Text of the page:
Voke eventually awoke at about 5pm, and retreated back to her room when she beheld the crowd of sympathisers in our living room. Nobody could blame her. Dealing with that kind of the crowd was the very last thing she needed.
The throng of people entering and leaving our house didn’t subside until almost midnight. Despite all entreaties by our mother for us to both pack our things and follow them back to Ogudu, Voke remained adamant on staying.
“I’m not going anywhere! This is my home! Why should I follow you back to yours?!” she demanded, her eyes flashing in anger.
“Voke, you can’t stay here by yourself at this time. You and Isio need to come home, where we can support you better…” Mom pleaded.
“I’m going nowhere!” was her answer, which we all knew was final.
In the end, it was my mother who’d accepted to return the next day, to spend time with us. As they left, she pointed at Pere, as if he was the one responsible for the whole mess.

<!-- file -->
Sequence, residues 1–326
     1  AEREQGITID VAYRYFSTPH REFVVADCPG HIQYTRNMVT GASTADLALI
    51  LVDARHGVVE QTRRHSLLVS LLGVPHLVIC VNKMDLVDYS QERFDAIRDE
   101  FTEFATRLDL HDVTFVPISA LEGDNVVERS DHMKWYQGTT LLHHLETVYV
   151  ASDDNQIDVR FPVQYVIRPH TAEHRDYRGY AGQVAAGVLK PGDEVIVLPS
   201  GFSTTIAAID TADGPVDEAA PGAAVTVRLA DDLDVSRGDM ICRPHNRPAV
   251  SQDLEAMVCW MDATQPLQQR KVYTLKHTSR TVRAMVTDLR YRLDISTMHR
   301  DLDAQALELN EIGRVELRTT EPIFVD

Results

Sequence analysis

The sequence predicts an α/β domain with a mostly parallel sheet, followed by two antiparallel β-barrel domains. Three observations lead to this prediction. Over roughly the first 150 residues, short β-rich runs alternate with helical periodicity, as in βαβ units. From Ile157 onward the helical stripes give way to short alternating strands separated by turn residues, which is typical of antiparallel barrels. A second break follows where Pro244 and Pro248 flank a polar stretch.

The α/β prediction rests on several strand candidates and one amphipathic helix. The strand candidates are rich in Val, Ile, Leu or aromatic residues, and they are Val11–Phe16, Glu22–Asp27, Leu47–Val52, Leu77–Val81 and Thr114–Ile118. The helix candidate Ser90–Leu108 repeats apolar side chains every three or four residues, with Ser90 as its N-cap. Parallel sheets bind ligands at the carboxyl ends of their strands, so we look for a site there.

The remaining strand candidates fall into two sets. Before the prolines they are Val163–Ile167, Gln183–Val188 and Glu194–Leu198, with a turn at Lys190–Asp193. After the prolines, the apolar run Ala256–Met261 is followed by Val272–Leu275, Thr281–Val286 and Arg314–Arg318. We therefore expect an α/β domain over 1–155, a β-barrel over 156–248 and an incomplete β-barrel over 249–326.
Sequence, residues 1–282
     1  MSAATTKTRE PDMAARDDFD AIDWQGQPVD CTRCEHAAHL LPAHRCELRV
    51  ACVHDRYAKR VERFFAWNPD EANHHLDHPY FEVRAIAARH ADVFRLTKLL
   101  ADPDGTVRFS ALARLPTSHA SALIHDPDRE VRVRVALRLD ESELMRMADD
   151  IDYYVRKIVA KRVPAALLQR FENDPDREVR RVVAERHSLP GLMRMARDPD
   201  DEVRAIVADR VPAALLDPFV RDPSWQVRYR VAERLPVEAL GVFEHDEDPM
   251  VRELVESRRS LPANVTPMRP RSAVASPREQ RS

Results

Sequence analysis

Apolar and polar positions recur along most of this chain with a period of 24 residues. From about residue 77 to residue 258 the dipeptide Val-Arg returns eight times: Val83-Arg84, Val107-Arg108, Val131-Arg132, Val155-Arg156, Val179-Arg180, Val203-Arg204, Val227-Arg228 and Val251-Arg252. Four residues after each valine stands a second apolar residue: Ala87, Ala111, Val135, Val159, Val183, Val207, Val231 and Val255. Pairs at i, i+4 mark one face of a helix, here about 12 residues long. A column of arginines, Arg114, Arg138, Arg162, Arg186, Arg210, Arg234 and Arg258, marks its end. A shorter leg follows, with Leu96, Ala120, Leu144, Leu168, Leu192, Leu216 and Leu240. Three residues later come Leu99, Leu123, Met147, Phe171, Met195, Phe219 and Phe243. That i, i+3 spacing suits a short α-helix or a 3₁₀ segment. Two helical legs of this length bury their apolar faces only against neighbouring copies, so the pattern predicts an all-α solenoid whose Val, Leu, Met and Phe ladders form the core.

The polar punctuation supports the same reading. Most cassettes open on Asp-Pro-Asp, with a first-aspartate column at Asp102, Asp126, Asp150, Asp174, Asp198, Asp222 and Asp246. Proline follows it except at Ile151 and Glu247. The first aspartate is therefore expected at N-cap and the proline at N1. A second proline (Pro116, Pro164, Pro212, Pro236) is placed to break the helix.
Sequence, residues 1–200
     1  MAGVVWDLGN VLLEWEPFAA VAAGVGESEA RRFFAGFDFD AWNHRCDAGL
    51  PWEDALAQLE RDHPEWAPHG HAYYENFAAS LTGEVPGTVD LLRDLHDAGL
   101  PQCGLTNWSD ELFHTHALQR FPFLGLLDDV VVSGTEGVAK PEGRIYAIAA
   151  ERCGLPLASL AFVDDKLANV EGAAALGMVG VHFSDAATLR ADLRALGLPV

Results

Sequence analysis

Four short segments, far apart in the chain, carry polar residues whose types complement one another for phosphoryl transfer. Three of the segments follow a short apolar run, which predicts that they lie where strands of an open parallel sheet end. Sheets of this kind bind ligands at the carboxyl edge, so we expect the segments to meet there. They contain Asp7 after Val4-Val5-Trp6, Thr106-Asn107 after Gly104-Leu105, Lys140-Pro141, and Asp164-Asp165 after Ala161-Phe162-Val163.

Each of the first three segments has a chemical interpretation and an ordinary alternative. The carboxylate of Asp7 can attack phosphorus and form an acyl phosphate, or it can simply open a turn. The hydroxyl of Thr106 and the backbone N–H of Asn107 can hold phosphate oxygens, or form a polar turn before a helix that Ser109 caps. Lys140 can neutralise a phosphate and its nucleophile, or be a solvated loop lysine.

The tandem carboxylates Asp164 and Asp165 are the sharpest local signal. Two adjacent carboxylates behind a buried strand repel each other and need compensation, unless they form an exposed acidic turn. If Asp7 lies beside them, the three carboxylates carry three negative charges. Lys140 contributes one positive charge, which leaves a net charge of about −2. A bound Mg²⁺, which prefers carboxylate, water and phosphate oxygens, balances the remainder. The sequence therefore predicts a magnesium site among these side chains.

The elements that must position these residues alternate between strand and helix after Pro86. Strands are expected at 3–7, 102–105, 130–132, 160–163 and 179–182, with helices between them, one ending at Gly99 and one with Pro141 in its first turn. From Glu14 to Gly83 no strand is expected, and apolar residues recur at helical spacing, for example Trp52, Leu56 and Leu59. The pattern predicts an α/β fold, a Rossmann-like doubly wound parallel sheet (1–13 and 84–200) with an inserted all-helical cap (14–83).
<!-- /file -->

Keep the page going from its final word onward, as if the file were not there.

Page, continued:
“Take care of them! Stay here with them tonight, and make sure you take care of them!” she warned sternly. “Make sure they get plenty of rest. Tomorrow will be even worse than today. Tomorrow, we’ll have to go and mourn with his family.”
He nodded somberly. “I’m not going anywhere, Ma.”
My father patted him on the shoulder as they departed, and nobody would have ever guessed this was the same guy whose prolonged absence from their house they’d been complaining about. Considering the awful situation at hand, none of all that even mattered.
It wasn’t until my parents’ car drove off that I realised I hadn’t even called my office to notify them of my absence that day.
“Don’t worry, I called them for you.” Pere said. “It turns out I didn’t even have to, as your colleague, the one who told you about Pere and Belinda, had already informed them.”
That was when I remembered the Belinda angle, and for the first time, I wondered how she was taking the news, considering she’d been the last one to see him alive. Despite my grief, I couldn’t help but wonder how devastated she most likely would be as well. And guilty too. Poor girl.
“Isio, I’ll be back first thing in the morning.” Apache said, walking up to Pere and I as we stood by the gate. “Do you want anything?”